Ref: SCART-2020-0191

Seismic monitoring of the Auckland Volcanic Field during New Zealand's COVID-19 lock-down

van Wijk, Kasper ; Chamberlain, Callum J ; Lecocq, Thomas ; Van Noten, Koen

published in Solid Earth, 12, pp. 363–373 (2021)

Keyword(s): Seismic noise ; COVID-19 ; Lockdown
Note: The city of Auckland, New Zealand (Tāmaki Makaurau, Aotearoa), sits on top of an active volcanic field. Seismic stations in and around the city monitor activity of the Auckland Volcanic Field (AVF) and provide data to image its subsurface. The seismic sensors – some positioned at the surface and others in boreholes – are generally noisier during the day than during nighttime. For most stations, weekdays are noisier than weekends, proving human activity contributes to recordings of seismic noise, even on seismographs as deep as 384 m below the surface and as far as 15 km from Auckland's Central Business District. Lockdown measures in New Zealand to battle the spread of COVID-19 allow us to separate sources of seismic energy and evaluate both the quality of the monitoring network and the level of local seismicity. A matched-filtering scheme based on template matching with known earthquakes improved the existing catalogue of five known local earthquakes to 35 for the period between 1 November 2019 and 15 June 2020. However, the Level-4 lockdown from 25 March to 27 April – with its drop in anthropogenic seismic noise above 1 Hz – did not mark an enhanced detection level. Nevertheless, it may be that wind and ocean swell mask the presence of weak local seismicity, particularly near surface-mounted seismographs in the Hauraki Gulf that show much higher levels of noise than the rest of the local network.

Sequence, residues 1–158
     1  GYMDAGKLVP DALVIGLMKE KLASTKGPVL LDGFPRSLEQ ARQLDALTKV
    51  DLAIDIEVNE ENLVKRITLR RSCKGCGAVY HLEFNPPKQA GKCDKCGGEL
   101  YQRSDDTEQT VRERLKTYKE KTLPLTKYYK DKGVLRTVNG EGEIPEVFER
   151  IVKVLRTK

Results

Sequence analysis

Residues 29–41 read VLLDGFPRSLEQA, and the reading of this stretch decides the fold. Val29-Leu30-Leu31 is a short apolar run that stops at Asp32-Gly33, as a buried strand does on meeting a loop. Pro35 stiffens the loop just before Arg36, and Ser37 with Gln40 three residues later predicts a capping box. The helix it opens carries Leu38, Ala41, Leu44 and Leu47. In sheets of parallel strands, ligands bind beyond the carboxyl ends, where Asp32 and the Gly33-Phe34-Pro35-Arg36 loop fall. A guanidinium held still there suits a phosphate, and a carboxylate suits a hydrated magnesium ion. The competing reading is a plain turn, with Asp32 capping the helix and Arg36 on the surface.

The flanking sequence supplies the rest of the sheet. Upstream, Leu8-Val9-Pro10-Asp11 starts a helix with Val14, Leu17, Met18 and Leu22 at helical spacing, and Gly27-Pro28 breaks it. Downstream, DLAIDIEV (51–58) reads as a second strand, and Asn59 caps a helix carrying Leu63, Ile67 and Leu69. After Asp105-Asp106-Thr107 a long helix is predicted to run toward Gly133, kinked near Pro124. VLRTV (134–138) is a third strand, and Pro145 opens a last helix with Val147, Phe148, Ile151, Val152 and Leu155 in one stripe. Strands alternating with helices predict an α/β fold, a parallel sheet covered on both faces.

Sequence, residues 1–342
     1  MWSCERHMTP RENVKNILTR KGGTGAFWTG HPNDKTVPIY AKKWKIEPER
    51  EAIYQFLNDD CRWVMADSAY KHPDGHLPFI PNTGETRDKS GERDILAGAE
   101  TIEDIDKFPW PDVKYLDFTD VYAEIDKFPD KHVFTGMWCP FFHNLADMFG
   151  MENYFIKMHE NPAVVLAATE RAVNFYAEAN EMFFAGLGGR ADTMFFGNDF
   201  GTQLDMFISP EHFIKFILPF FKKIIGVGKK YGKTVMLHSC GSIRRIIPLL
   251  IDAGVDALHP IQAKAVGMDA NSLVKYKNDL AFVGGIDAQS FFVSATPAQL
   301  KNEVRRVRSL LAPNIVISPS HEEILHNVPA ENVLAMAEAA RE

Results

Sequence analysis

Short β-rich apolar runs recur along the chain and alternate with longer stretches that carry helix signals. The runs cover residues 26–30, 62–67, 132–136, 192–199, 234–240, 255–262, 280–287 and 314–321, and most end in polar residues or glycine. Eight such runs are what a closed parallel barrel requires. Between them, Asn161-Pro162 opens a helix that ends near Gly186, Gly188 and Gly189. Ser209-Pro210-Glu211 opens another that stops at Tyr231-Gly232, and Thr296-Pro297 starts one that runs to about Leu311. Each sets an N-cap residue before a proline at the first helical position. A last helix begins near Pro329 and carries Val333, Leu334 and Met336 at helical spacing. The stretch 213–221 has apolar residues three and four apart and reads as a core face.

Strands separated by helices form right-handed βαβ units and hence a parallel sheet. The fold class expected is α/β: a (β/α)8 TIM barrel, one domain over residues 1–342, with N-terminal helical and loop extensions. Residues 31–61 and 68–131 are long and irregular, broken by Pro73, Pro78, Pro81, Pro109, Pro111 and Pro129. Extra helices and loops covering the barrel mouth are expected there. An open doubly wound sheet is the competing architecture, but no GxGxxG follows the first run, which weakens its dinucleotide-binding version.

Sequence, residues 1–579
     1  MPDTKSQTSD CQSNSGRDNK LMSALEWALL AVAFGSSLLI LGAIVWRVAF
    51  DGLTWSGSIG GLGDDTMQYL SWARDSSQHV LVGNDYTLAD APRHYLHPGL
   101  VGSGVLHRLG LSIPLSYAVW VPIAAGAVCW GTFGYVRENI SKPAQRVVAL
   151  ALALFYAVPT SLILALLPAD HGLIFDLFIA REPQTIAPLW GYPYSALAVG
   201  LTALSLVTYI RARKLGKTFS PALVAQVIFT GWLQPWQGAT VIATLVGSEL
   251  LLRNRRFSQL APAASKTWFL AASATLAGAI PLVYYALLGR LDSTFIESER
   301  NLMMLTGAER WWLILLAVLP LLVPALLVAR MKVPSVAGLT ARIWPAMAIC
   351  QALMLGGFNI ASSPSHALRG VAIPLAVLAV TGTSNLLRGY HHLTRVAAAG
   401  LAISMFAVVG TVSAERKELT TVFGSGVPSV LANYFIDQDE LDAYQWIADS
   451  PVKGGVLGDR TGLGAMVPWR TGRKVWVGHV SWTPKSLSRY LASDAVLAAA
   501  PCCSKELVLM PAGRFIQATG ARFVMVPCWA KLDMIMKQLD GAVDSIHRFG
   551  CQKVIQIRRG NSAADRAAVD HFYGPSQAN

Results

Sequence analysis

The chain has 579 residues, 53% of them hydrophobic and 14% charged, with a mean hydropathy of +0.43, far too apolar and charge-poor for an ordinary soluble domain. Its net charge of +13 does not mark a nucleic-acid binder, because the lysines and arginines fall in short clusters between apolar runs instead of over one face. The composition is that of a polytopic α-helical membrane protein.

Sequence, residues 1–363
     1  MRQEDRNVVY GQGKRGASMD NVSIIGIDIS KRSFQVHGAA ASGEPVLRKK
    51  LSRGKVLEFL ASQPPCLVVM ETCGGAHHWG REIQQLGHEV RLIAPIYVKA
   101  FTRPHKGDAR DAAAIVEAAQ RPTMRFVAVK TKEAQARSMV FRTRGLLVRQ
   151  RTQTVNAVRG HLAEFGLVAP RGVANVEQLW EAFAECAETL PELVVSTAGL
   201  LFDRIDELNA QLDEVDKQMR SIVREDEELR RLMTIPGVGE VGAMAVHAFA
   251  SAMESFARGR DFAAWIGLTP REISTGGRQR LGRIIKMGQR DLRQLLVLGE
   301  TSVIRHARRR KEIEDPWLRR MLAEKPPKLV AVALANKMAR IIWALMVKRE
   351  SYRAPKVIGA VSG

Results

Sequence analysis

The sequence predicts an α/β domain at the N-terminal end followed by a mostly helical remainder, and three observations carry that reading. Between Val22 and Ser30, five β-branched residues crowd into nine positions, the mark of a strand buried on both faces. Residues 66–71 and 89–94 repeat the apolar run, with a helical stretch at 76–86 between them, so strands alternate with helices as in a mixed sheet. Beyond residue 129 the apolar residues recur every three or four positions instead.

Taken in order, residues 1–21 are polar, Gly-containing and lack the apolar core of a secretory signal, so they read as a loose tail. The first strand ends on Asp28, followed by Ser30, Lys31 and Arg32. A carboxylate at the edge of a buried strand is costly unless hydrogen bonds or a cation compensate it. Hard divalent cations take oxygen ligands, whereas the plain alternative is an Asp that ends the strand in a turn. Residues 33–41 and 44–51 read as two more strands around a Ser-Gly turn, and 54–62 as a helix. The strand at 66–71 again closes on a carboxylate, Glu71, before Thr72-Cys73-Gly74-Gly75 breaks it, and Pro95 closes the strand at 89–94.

DOI: 10.5194/se-12-363-2021
Links: link

The record appears in these collections:
Royal Observatory of Belgium > Seismology & Gravimetry
Science Articles > Peer Reviewed Articles

 Record created 2020-12-23, last modified 2021-02-15